AirTran Airways to be Acquired by Southwest in Merger of Low-Fare Airlines

By Antonio Perez
Antonio Perez
Antonio Perez
September 27, 2010 Updated: October 1, 2015

AirTran Chairman, President & CEO Robert L. Fornaro gives a press conference about Southwest Airlines' plan to merger with AirTran Airways at Southwest Airlines Corporate Headquarters September 27, in Dallas, Texas.   (Lawrence Jenkins/Getty Images )
AirTran Chairman, President & CEO Robert L. Fornaro gives a press conference about Southwest Airlines' plan to merger with AirTran Airways at Southwest Airlines Corporate Headquarters September 27, in Dallas, Texas. (Lawrence Jenkins/Getty Images )
AirTran Airways, the Atlanta-based discount airline, will be acquired by leading low-fare carrier Southwest Airlines for $1.43 billion, expanding Southwest's market footprint in the Eastern United States.

With the merger, Southwest will gain AirTran's hub in Atlanta's Hartsfield-Jackson International Airport—the busiest airport in the world—as well as access to some of the most popular destinations in the Northeastern United States, including Washington's Ronald Reagan National Airport, Boston's Logan Airport, and New York's LaGuardia Airport.

The cash and stock offer of $1.4 billion includes assumption of AirTran's debt. The combined company will have around 100 million customers and serve more than 100 airports.

“The acquisition of AirTran represents a unique opportunity to grow Southwest Airlines' presence in key markets we don't yet serve and takes a significant step toward positioning us for future growth,” Gary Kelly, Southwest's CEO, said in a statement on Monday.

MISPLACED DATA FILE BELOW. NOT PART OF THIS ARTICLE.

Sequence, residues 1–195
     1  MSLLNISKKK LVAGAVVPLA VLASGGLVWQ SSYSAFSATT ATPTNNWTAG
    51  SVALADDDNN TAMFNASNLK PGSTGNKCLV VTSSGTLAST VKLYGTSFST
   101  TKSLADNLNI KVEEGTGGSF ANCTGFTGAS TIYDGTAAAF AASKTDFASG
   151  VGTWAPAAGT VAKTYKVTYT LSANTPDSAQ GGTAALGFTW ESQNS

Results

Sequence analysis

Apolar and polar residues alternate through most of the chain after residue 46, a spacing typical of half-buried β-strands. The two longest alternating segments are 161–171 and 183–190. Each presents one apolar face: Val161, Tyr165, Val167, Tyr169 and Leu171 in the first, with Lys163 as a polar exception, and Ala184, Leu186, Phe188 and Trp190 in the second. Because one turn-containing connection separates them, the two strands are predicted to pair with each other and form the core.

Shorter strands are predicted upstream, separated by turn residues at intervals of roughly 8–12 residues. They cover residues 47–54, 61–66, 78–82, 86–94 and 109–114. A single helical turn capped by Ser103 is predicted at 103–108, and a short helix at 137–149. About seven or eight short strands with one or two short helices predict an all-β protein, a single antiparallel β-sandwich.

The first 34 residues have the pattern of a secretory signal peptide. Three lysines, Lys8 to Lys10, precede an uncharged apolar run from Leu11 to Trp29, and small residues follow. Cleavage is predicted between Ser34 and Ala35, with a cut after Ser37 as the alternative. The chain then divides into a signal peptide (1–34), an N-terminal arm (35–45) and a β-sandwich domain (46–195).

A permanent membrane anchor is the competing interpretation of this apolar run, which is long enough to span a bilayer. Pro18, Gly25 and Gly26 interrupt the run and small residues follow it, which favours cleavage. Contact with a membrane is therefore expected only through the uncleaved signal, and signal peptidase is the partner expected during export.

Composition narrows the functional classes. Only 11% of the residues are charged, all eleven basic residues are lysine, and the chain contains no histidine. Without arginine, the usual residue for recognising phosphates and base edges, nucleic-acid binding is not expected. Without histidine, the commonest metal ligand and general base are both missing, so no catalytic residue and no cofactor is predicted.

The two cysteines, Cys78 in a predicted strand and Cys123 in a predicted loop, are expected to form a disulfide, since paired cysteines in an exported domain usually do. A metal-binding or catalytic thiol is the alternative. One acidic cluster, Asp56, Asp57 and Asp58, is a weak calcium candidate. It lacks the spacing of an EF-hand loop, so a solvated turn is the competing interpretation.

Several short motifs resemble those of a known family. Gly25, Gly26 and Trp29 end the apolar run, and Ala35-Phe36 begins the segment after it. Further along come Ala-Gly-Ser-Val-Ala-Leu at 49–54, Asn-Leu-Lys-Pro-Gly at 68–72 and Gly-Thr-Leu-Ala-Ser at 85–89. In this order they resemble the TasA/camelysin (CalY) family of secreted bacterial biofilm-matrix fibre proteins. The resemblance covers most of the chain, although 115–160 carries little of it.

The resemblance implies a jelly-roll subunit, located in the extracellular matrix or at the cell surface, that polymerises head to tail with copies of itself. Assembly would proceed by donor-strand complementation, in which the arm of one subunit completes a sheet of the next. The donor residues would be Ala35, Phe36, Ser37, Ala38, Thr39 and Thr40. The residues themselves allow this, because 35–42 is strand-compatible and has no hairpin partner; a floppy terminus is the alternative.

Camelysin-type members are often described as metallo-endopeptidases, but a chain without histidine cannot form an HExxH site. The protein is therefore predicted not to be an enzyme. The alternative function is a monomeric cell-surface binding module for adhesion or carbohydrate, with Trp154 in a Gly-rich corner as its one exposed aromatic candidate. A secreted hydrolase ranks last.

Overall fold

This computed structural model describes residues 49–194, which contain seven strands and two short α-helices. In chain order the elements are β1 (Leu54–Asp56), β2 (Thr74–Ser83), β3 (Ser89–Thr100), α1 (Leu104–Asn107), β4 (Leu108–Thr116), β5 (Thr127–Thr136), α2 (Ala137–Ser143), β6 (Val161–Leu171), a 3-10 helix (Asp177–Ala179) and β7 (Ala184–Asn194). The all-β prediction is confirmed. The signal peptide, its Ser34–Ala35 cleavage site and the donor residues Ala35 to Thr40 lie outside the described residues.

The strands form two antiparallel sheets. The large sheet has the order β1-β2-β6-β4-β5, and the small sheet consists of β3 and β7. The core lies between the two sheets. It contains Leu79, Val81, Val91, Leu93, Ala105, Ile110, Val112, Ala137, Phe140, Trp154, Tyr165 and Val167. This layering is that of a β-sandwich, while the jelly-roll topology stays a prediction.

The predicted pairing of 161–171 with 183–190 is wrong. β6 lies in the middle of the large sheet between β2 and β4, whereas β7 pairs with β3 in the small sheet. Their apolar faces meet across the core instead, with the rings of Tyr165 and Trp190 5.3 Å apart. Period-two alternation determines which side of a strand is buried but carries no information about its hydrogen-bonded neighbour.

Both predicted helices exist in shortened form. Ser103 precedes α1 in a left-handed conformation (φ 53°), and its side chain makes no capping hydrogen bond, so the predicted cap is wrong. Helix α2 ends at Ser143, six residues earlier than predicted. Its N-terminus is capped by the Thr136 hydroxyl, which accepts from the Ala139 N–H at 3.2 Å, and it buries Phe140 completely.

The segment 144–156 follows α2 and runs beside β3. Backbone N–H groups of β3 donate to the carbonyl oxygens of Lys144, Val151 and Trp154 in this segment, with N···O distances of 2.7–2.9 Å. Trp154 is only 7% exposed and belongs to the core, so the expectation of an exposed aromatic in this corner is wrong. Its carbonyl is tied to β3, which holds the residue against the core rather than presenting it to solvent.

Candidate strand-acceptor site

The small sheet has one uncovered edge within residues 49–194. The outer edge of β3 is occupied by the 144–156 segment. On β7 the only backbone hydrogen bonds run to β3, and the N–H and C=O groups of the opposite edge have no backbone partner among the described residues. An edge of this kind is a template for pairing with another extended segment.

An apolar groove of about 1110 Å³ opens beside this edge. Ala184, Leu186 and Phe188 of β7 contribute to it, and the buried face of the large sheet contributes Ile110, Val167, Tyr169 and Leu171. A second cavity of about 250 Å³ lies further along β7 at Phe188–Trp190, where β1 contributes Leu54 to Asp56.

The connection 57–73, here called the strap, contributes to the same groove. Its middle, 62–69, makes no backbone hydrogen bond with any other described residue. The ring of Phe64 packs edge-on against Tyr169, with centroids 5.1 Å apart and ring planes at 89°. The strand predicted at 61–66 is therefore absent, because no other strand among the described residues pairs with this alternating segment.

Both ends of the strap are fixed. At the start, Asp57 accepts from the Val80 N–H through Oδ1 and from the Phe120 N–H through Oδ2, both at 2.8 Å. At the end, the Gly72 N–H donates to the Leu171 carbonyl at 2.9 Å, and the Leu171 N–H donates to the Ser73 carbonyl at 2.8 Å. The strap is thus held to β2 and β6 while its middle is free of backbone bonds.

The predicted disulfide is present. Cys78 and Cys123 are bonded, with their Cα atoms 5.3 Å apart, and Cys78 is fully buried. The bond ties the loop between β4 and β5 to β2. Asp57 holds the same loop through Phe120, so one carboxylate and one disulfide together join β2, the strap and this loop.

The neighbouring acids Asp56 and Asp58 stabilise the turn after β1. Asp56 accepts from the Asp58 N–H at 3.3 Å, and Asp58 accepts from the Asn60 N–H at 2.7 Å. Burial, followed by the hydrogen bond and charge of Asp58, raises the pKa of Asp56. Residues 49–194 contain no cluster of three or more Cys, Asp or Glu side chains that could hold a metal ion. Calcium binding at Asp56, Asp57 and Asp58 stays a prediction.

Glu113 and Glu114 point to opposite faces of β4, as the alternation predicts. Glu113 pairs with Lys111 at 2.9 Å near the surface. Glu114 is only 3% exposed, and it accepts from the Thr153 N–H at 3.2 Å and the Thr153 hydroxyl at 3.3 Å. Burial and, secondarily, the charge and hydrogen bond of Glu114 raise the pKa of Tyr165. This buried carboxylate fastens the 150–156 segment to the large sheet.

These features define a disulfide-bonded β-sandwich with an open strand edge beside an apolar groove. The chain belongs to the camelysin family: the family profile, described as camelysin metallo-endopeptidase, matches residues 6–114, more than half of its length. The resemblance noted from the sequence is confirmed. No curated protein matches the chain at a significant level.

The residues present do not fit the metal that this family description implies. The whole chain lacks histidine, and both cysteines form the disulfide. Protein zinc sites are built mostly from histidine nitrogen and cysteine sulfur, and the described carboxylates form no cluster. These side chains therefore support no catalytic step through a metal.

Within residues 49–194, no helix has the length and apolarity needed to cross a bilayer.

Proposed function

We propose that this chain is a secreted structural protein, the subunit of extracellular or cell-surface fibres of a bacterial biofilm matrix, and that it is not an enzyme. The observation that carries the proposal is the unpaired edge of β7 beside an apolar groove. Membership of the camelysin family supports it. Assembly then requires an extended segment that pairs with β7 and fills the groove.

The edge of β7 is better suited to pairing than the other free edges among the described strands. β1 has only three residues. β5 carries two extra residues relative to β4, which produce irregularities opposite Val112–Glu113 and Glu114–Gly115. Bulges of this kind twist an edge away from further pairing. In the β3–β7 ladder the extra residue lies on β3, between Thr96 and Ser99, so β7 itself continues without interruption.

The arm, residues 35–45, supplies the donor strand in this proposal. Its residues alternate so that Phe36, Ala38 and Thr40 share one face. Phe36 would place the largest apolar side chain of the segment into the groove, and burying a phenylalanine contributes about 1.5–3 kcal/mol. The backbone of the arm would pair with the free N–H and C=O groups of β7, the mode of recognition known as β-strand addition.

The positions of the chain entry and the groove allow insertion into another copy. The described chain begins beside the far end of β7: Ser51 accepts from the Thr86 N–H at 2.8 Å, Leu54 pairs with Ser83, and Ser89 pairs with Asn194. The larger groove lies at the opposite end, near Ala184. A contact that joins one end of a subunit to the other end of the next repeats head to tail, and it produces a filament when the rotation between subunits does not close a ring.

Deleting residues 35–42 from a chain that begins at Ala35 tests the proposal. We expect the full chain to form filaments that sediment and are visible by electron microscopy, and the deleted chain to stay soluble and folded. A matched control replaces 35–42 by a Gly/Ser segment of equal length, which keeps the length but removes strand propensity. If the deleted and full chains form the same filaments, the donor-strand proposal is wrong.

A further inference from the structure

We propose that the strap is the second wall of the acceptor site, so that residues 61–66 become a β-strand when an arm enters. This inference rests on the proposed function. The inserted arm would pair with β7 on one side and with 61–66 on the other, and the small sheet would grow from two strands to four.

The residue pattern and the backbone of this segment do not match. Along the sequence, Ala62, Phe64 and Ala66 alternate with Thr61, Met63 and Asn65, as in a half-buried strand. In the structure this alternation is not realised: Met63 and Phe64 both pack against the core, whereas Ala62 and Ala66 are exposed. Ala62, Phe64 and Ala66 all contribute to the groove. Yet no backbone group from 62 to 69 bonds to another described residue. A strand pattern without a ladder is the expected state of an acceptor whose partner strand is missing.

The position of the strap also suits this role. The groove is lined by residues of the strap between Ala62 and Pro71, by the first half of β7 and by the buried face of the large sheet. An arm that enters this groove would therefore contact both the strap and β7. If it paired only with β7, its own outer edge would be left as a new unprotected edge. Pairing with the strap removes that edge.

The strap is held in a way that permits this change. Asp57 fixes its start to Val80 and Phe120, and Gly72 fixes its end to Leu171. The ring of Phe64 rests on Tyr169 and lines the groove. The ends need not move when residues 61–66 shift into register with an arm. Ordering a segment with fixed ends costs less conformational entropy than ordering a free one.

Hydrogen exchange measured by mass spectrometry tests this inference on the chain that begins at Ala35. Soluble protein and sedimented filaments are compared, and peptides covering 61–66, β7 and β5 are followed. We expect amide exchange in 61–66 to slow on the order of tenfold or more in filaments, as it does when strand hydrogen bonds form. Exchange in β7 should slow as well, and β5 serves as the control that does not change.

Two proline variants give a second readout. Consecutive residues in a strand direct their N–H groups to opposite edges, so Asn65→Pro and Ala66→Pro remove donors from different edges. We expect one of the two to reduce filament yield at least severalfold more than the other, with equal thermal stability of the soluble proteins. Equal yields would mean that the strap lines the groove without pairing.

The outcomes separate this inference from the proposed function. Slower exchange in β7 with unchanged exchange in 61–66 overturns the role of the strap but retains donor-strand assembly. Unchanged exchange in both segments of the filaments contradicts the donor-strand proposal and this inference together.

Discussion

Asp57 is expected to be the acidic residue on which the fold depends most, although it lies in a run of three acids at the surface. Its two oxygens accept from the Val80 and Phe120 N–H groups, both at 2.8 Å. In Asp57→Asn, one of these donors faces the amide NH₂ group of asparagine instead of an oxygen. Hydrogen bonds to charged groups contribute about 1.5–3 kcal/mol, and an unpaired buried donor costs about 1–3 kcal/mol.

“It presents us [with] the opportunity to extend our service to many smaller domestic cities that we don't serve today, and provides access to key near-international leisure markets in the Caribbean and Mexico. Finally, this accelerates our goal to boost profits and achieve our financial targets,” he continued.

Southwest Airlines's expansion into Atlanta, alone, has the potential to gain over 2 million new passengers and over $200 million in consumer savings annually, according to analysis by Campbell-Hill Aviation Group, LLP.

The acquisition also gives Southwest access to the lucrative Southeast U.S. vacation market—including Florida—as well as service to the Caribbean.

What It Means for Consumers
Current AirTran customers will benefit from the deal, experts say, as Southwest will likely end many of AirTran's fees the airline currently charges its customers, such as the checked-in baggage fee.

“Southwest and Airtran don't have much route overlap, so the merger in and of itself won't lead to higher fares,” said George Hobica of airfarewatchdog.com. “But both airlines offer aggressive airfare sales almost weekly. We'll see fewer of these, and fares will inch up.”

Analysts say that the merger will increase pressure on Delta Airlines, currently the biggest tenant in Atlanta and has a large footprint in the Northeast market. It now faces much stronger competition from its expanding rival, Southwest.

In the short term, the move will likely force Delta, as well as the newly combined United-Continental behemoth, to lower fares as Southwest now has expanded its service and route network to better compete with the bigger carriers.

Integration Issues
The merger presents some challenges to Southwest.

While both carriers are discount providers, Southwest does not charge for carry-on luggage while AirTran does. In addition, Southwest's business model stipulates that passengers board the plane on a first-come, first-served basis without assigned seating. AirTran employs a traditional seating model and passengers are allowed to choose their seats prior to boarding, and it has business-class seating on certain flights, which Southwest does not.

The acquisition will give Southwest an additional model of aircraft—Boeing 717—as currently Southwest only operates Boeing 737 aircraft so each pilot can also fly any other plane in the network.

The airlines said that total value of the deal—excluding debt and operating leases—amounts to $3.4 billion.